Repost from The Tribune, San Luis Obispo
Hearing on Phillips 66 oil-by-rail plan continues Friday in San Luis Obispo
• The county Planning Commission holds a 4th day of public testimony on a proposal to bring crude oil by rail to the Nipomo refinery
• Most of the four dozen speakers commenting Friday morning support the project; many coming from Southern California
• As of 10:30 a.m. nearly 100 people were waiting to speak to the commission
More than four dozen speakers, most of them in support of the Phillips 66 oil-by-rail plan, shared their views with San Luis Obispo County Planning Commissioners on Friday morning in the fourth day of a hearing on the controversial proposal that has drawn statewide attention.
Planning Commission Chairman Don Campbell said he hoped the board could wrap up public comment Friday, adding: “We aren’t getting a lot of new information. We’re getting a lot of the same information, just different people.”
The county planning staff said at 10:30 a.m. they still had a stack of 94 speaker cards. About 50 people had already commented at that point in the morning.
Phillips 66 has applied to San Luis Obispo County to build a 1.3-mile rail spur with five parallel tracks from the main rail line to its Nipomo Mesa refinery, an unloading facility at the refinery and on-site pipelines. In three previous days of hearings, hundreds of people from around the state packed the meeting room, many condemning the proposal out of fears that an oil train derailment anywhere along the route would be disastrous. Supporters at previous meetings, many of them Phillips 66 employees, had defended the proposal, pointing to the refinery’s good safety record and the jobs it provides.
On Friday morning, many of those who commented before the commission’s morning break said they traveled to San Luis Obispo County early in the morning from Southern California to support Phillips 66 and United Steelworkers members.
Some said they were affiliated with the South Bay Center for Community Development, based in Wilmington, which has partnered with the union and the refinery to provide job opportunities for the community.
Phillips 66’s Los Angeles refinery comprises two facilities in Carson and Wilmington.
“We’re talking about directly benefiting 200 households, providing jobs for these people,” said Noel Genuino, who works for the nonprofit organization and was wearing a United Steelworkers shirt.
Cal Poly student Paul Sullivan, a computer science master’s student, also spoke in support.
“I think that any jobs we can find, especially in this area, is something we really need to work for,” he said. “I think that the environmental (impacts) and danger of the project is definitely overstated and a lot of students agree with me.”
The few speakers in opposition on Friday included Grover Beach City Councilwoman Miriam Shah, who said that blocking the project “may very well be our last chance to control the rail lines that run through the coast.”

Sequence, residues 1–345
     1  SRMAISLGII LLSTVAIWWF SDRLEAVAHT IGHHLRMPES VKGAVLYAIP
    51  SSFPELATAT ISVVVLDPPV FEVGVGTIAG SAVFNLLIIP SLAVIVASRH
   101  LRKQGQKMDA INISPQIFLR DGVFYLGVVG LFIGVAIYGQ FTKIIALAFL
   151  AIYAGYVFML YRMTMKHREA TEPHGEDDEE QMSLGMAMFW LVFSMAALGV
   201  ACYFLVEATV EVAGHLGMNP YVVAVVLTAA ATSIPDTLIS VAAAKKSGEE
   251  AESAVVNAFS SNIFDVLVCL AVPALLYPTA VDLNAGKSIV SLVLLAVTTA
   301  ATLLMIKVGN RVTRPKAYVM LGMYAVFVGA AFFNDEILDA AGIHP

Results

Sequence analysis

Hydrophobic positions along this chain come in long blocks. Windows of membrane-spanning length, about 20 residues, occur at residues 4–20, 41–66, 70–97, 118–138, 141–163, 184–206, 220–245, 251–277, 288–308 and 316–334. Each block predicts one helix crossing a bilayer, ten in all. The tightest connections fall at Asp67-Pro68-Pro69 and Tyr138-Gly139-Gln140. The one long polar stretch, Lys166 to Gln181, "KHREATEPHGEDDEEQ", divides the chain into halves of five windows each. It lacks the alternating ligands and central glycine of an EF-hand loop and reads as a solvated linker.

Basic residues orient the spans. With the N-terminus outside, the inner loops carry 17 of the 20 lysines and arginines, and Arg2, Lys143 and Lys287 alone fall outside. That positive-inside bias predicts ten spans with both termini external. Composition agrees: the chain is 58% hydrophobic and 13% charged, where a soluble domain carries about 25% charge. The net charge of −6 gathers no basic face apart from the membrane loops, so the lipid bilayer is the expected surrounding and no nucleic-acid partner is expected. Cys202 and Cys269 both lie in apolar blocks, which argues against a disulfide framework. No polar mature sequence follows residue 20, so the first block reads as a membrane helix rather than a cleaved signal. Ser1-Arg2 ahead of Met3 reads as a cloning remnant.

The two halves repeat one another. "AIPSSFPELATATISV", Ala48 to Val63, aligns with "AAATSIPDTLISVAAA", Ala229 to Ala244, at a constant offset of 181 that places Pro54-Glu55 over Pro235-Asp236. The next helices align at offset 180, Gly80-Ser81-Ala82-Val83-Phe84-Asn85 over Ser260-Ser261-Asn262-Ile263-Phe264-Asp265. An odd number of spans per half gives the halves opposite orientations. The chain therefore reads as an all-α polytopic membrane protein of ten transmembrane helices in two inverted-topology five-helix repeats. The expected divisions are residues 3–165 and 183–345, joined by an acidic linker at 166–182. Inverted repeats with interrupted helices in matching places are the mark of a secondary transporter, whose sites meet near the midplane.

“I can’t see a reason to put any more pollution into the environment and into their lungs,” she said.
The board of supervisors’ chambers, where the meeting is taking place, was full Friday morning, with many opponents and supporters in the room. But many of the opponents have already given their comments to the commission.
More than 300 people have spoken in front of the commission in three previous hearings. Most of the 200 speakers during the first two days, Feb. 4 and 5, urged the panel to reject the project, while many of the 100 speakers on the third day of the hearing, supported the plan.
The county planning staff has recommended denial of the project, which as proposed would allow five trains a week, for a maximum of 250 trains per year to deliver crude oil to the refinery.
Each train would have three locomotives, two buffer cars and 80 railcars carrying a total of about 2.2 million gallons of crude oil, according to county planners.
During a previous hearing day, representatives from Phillips 66 urged the commissioners to approve an alternate plan to allow three trains a week instead of five, or a maximum of 150 trains a year.
The county staff report states that three trains a week — or 150 a year — would reduce the significant toxic air emissions to no longer be considered a “Class 1 significant impact” at the refinery, which refers to the highest level of negative impacts referenced in the project’s final environmental impact report.
But emissions of diesel particulate matter would still remain a “Class 1” impact on-site, according to the staff report, and there would still be 10 “Class 1” impacts along the main rail line, such as impacts to air quality, water resources, potential demands on emergency response services and an increased risk to the public in the event of a derailment.